Unlike Slackware, the Debian leader does not have absolute power. In fact by way of a general resolution, developers are able to reverse decisions, remove the leader and even make changes to the constitution. Developers may also vote on important issues affecting the project (such as whether to include binary firmware).
Debian revolves around a fully blown package management system, comprising several important components. This system not only performs expected tasks such as installing and removing packages, it also automatically handles dependencies. This was a core component of Debian very early on, setting it apart from all other distributions in its time. Debian uses the famous .deb package format as opposed to the plain tarballs of Slackware and RPMs of Red Hat. In many respects, package management is key to Debian. The project has strict guidelines on developing software, and finely tracks packages to ensure a consistent system state over upgrades. The utmost importance is put on ensuring packages are built and work correctly.
All of Debian’s releases are named after characters from the Pixar film, Toy Story. Debian is known for the high quality of their releases, which are often delayed. The project maintains three main branches, stable, testing and unstable (called Sid). Although the official desktop is GNOME, the project supports just about every desktop and window manager in existence. This is another stark contrast to Slackware, which only officially supports KDE.
Also unlike Slackware (which until recently only supported a single architecture), Debian supports eleven different architectures with another five on the way. It also comes with over 25,000 packages, ready to be installed via their package management system. Due to its reliable nature and wide support for numerous architectures, Debian is widely used on desktops, servers and embedded systems.
When you consider the scale of what the Debian project achieves, it is truly remarkable. This solid foundation and structure has contributed greatly to Debian’s success and made it an excellent choice for derived distributions such as Ubuntu.
Red Hat – The Commercial Presence
From the get-go, Red Hat Linux has been about commercialization of Linux. To this end, it has been a great success, selling subscriptions for support, training and integration services. A majority of its popularity owes to the fact that it is widely used as the supported Linux distribution of choice in a corporate environment. There are hundreds of Red Hat Linux courses available and for the longest time “Linux” was often synonymous with “Red Hat.”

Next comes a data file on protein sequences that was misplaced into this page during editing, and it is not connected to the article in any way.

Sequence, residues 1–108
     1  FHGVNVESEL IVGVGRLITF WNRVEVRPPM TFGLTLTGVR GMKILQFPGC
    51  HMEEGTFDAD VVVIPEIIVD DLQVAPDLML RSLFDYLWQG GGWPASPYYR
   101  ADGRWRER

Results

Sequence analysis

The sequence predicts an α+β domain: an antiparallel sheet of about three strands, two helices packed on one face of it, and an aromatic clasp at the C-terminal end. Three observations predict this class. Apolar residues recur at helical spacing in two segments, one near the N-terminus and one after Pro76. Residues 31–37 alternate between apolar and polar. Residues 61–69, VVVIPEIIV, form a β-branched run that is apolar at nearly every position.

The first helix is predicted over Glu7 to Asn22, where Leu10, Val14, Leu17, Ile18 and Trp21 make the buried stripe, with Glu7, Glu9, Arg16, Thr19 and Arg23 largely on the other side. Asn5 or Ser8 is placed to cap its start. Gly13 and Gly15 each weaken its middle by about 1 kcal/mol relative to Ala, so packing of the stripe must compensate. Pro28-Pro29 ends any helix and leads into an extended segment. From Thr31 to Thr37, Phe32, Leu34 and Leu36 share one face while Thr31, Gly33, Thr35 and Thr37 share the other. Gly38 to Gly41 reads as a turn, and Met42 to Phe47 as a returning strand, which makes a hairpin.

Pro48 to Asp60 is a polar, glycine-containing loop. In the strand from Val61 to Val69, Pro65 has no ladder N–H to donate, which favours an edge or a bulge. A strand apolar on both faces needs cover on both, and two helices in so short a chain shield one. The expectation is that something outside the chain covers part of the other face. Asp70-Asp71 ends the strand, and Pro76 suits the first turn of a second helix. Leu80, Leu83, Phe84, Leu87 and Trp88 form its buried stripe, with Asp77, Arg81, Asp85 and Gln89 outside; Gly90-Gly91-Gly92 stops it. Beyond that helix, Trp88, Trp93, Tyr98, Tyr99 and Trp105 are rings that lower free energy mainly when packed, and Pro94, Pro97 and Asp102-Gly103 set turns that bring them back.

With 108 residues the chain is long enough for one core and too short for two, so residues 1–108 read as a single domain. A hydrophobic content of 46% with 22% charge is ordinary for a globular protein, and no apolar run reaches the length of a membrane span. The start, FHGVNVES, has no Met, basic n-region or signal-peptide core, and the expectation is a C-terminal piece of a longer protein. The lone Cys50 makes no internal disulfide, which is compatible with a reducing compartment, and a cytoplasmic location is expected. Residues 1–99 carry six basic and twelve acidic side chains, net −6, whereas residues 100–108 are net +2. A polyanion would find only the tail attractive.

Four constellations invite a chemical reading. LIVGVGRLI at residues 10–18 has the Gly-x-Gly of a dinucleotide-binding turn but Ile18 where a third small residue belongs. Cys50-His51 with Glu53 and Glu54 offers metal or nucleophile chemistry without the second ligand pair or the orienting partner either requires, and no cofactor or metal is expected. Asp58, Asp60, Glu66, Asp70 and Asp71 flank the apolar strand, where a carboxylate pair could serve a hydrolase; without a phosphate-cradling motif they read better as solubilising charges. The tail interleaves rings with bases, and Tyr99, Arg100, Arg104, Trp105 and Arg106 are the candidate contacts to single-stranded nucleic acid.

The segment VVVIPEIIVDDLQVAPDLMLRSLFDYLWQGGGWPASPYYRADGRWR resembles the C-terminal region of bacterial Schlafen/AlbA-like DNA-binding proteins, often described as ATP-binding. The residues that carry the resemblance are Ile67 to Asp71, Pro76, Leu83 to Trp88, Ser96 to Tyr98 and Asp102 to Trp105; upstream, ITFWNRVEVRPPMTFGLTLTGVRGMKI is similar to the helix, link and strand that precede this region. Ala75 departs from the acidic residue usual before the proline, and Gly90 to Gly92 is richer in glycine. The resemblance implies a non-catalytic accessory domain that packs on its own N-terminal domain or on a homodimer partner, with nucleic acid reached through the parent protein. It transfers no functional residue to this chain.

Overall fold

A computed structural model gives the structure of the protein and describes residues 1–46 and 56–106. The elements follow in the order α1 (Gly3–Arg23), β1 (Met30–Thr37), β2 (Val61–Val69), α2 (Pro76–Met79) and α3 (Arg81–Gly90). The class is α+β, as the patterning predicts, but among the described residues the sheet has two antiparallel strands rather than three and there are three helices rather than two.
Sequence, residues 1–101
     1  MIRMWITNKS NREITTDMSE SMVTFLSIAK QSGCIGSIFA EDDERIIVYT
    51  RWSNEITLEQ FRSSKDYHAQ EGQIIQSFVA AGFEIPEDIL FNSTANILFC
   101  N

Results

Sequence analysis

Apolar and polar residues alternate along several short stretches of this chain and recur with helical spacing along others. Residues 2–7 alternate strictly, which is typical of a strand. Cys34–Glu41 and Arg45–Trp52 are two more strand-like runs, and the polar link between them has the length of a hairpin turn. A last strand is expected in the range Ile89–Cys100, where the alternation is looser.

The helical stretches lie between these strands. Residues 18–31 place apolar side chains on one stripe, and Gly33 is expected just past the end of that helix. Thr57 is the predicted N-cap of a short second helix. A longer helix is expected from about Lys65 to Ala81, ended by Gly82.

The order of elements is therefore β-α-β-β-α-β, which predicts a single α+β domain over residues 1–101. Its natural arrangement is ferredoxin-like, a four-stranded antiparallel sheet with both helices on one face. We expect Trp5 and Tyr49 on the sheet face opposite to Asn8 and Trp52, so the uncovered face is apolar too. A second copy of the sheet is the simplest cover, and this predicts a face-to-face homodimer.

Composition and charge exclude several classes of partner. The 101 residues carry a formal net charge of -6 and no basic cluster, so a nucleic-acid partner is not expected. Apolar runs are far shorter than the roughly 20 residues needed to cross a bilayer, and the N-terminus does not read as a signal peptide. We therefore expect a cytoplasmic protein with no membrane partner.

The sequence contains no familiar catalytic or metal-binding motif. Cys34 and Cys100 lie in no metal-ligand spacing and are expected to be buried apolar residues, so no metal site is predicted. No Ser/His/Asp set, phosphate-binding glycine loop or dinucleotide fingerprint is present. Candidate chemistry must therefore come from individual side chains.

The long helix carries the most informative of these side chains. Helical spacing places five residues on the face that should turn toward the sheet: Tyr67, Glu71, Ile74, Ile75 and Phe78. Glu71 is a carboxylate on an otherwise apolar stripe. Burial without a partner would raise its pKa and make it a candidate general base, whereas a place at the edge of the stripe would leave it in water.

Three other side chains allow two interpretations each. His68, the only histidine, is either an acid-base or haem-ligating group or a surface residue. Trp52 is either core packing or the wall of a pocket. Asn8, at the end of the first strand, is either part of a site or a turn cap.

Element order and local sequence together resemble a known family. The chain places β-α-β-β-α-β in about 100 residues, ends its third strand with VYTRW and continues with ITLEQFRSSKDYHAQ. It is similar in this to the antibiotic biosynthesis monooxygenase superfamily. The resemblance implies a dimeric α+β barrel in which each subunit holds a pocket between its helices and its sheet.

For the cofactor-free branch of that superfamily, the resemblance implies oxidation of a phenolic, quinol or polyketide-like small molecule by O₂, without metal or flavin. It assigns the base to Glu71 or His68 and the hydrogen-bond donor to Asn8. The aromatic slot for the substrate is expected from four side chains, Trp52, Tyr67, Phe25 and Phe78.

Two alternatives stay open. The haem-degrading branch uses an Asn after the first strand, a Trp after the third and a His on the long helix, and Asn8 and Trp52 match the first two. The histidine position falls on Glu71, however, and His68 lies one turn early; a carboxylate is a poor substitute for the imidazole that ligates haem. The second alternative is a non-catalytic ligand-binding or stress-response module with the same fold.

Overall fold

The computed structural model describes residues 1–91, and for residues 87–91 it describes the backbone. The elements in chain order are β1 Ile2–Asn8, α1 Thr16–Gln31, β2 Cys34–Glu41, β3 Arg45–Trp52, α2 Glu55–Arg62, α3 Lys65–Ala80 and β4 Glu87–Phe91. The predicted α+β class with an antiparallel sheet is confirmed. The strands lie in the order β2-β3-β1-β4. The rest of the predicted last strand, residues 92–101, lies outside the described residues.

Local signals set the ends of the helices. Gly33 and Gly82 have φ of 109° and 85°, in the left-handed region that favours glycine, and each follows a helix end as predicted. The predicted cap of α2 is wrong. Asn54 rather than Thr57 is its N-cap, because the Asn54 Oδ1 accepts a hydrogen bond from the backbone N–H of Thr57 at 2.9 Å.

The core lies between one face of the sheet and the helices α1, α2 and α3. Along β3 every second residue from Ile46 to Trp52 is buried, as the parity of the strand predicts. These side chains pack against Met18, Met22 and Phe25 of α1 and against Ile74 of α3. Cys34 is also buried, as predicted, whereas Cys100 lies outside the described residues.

It’s important to make the distinction between Red Hat’s official commercial Linux offering, Red Hat Enterprise Linux (RHEL), and others such as Fedora. RHEL is only available in binary form when purchased from Red Hat, unlike our two other distributions. The entire source code for the operating system however, is entirely free and from this numerous other distributions have sprung (such as CentOS).
The majority of the development work on RHEL is done by Red Hat employees. Unlike Slackware and Debian, this distribution’s development is primarily founded in the Red Hat sponsored community distribution, Fedora. Although a stable and exciting distribution in its own right, Fedora is essentially the testing ground for new technology which will find its way into Red Hat’s commercial offerings.
Unlike Debian, Red Hat gained a comprehensive package management system rather late in the game. At its core however, it revolves around packages in the RPM format, which are handled by various low level tools. Today, installing packages on Red Hat is as painless as it is on Debian, with support for dependency tracking and many fancy features to ensure a consistent state.
Red Hat is the leading contributor to both the Linux kernel and X.Org. It is also responsible for many other great pieces of software which we take for granted, such as D-Bus, HAL, Policykit, NetworkManager, PulseAudio (cough cough), Liberation Fonts, Palimpsest and really far too many to mention.
Red Hat is a great advocate for free software and have released a Patent Policy which they use to the benefit of free software. Their business model has been a huge success and is often used as a prime example of the ability to make money from free software.
Perhaps you never realized just how unique the history of Linux distributions is, or how all of these distributions came about. Hopefully this has provided at least some insight into our rich heritage. Whether it is a package management system, modern applications, culture or philosophies, the existence of these distros has been invaluable in shaping the Linux environment as we know it today. Each one of them continues to play a very important role in the continued success of our platform of choice.
Despite their sizable differences, these giants are more popular today as they ever have been. It’s also refreshing to know that even though there are hundreds of active distros available, none has come along yet which has been able to knock any of these three from their place. It’s obvious that these three distros still have a lot to offer, even with their differences. In fact, perhaps it’s because of their differences that they remain so strong. There’s no such thing as one size fits all in the computer world and we should be celebrating the differences that exist, along with the choice and freedom that brings.
Thanks to these three distributions, we have a rich culture and history to build upon for years to come.
Nanos gigantium humeris insidentes. We stand on shoulders of giants.